Bank of England Raises Interest Rates to Highest Level Since 2009


In the second bi-monthly monetary policy review announced in June, RBI had hiked the repo rate by 25 basis points to 6.25 per cent while maintaining a neutral stance.

The Bank of England is expected to hike interest rates to their highest level for nearly a decade on Thursday.

Replying to a question, Valecha said it is cheaper to get a loan in the UAE than in India despite this hike, although the US Federal Reserve is supposed to raise rates much more aggressively than the RBI.

"Uncertainty around domestic inflation needs to be carefully monitored in the coming months", the central bank said while increasing its inflation projection.

"Scotland's growth over the last three years has lagged behind the United Kingdom, so whilst the Bank may judge that the United Kingdom economy is in sufficiently robust health to cope with a rate hike, a rate rise in Scotland may be more of a challenge". In its last revision, on August 2, 2017, rates were cut by 25 basis points to 6 per cent.

The Bank's Monetary Policy Committee agreed unanimously to increase the base rate from 0.5 to 0.75 per cent, adding around £190 a year to the average variable-rate mortgage.

"RBI's action to hike the repo rate by another 25 bps today might result in a marginal increase in lending rates for corporate borrowers with a lag", said Dhaval Kapadia, director, portfolio specialist, Morningstar Investment Adviser India. "Three MPC members had dissented at the last BoE meeting, including Chief Economist Andrew Haldane, and key data releases since June, such as a healthy labour market report, will have strengthened the resolve of other Committee members".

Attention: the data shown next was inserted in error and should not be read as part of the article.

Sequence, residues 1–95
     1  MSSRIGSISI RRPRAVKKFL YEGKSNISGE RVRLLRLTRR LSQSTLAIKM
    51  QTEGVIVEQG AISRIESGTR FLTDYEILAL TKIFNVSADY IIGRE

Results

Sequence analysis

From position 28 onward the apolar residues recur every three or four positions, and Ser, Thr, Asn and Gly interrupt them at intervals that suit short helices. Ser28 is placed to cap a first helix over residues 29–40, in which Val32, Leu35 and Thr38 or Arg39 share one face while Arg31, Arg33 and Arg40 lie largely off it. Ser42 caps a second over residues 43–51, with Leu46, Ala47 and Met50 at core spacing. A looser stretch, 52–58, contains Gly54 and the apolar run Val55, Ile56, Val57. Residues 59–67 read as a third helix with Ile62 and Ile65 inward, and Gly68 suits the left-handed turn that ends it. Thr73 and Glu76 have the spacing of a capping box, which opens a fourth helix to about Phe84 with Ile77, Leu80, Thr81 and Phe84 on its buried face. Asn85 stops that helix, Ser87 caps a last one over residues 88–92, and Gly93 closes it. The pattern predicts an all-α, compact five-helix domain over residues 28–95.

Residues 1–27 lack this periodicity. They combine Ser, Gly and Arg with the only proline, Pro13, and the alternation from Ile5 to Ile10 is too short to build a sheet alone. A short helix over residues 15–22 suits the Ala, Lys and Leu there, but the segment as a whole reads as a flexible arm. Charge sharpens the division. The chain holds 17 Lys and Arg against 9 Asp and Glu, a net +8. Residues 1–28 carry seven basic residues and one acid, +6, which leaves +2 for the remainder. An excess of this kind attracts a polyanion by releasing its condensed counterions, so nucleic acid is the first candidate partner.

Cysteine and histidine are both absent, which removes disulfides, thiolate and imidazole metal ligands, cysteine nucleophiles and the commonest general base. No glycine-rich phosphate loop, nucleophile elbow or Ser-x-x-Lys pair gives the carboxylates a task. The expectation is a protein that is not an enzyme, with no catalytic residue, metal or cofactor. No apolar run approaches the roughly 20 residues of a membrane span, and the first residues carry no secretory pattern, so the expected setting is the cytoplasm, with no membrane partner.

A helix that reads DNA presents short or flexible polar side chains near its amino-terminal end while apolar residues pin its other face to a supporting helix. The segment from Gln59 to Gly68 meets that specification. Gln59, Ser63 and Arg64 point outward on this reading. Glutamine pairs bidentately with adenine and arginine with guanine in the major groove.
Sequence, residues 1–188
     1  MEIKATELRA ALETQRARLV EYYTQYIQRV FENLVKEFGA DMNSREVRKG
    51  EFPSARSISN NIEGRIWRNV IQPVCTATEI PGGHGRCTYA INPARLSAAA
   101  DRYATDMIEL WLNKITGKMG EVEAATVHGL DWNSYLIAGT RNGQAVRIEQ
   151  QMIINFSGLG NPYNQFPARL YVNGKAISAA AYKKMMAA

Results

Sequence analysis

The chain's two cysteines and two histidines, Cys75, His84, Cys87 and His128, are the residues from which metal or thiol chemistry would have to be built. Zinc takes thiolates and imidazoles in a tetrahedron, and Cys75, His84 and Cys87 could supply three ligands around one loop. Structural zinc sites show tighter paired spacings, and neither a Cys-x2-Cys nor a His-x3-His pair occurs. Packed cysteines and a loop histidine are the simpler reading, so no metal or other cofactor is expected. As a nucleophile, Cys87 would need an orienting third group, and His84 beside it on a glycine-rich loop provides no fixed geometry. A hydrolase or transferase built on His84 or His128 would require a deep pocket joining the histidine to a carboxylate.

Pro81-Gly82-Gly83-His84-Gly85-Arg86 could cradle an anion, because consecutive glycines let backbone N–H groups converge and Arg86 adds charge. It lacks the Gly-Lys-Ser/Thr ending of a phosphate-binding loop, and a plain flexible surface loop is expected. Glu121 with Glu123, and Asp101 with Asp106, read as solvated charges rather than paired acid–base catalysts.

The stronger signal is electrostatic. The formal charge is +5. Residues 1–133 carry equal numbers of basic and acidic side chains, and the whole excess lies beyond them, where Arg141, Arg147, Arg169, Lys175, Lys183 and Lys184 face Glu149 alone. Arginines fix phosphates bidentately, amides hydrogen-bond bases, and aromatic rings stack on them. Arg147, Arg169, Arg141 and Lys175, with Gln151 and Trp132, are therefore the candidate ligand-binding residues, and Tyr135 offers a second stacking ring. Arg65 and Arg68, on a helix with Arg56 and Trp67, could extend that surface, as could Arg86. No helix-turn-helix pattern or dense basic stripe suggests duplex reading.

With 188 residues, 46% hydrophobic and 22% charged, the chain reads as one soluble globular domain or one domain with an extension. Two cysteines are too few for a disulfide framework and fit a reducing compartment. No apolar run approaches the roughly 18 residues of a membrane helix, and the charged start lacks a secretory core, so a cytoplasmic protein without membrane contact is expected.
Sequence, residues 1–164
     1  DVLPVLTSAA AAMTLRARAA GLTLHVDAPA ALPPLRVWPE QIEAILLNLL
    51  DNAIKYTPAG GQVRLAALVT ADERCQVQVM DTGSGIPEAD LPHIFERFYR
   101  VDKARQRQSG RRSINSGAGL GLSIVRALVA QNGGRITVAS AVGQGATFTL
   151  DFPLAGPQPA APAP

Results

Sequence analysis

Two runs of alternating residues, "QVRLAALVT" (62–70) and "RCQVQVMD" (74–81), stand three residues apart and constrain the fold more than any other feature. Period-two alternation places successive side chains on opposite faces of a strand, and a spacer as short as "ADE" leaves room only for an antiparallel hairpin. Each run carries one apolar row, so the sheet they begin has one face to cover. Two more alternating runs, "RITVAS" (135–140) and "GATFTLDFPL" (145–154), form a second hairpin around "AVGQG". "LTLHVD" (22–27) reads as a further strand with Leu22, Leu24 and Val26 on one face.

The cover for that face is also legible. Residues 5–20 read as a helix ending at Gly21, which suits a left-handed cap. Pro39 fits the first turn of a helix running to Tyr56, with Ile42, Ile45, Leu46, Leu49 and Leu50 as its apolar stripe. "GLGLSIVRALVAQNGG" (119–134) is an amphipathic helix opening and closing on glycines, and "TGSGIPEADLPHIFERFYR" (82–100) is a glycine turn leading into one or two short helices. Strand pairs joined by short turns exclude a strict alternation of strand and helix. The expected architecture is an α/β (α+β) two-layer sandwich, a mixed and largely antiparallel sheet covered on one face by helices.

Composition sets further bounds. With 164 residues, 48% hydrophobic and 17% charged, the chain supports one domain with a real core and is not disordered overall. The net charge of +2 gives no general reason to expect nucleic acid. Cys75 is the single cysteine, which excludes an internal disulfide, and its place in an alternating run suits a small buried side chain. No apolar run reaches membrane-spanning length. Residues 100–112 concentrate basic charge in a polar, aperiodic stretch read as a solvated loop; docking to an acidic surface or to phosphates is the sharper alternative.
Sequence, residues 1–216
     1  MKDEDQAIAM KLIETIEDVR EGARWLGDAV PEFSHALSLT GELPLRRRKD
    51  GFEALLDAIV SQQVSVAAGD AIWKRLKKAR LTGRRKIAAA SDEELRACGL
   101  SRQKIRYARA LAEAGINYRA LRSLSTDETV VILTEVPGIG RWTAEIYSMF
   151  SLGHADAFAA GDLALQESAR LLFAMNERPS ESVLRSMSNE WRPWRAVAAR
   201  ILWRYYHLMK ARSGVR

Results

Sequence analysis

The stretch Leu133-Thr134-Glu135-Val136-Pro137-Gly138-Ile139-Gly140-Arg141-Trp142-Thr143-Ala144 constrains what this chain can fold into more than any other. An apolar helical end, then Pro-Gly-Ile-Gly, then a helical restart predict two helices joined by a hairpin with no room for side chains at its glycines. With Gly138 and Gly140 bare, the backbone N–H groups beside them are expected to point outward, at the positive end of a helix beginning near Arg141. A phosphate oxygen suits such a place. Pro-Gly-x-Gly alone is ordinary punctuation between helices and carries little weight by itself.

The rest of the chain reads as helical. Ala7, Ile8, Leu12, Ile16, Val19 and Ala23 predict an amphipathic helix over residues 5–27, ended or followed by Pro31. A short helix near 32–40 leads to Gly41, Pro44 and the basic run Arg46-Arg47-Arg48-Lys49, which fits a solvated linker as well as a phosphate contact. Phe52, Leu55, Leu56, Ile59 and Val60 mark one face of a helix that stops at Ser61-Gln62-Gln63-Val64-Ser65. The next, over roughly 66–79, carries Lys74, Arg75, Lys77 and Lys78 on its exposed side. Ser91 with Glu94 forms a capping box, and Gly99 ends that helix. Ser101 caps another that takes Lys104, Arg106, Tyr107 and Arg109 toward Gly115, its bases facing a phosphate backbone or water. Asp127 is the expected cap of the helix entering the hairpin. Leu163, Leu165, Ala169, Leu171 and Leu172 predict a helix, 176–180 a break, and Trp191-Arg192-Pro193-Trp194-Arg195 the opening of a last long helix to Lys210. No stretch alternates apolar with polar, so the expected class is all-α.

A sustained rise in interest rates is bad for corporates.

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Given that a rate hike is nearly a foregone conclusion, other parts of the MPC's decisions, and the minutes of the meeting are likely to provide more intrigue.

He added that the banks have done the "stockpiling" and the country's financial system is in a position to be able to "withstand a shock" which could result from the United Kingdom leaving the European Union without an agreement. For the second quarter ended September, it has projected inflation to be at 4.6 per cent.

Fuel prices are still high: Crude oil price has moderated but there's no certainty on where it's headed.

If financial market expectations are met, Britain's central bank should raise rates from 0.5% to 0.75%, taking the UK's base rate of interest to its highest level since March 2009. Five of the six members on the rate panel voted in favour of a rate increase.

The central bank said inflation in two years' time was likely to be 2.09 percent, above the BoE's 2 percent target.

The rate hike comes on back of rising retail inflation concerns. Economy is doing fine: Expected GDP growth rate of 7.4 per cent for the year is a sign of a strong economy.

Providers hold government bonds to create the returns they need to pay their clients.

Clouding the outlook for the United Kingdom central bank is Britain's looming withdrawal from the European Union.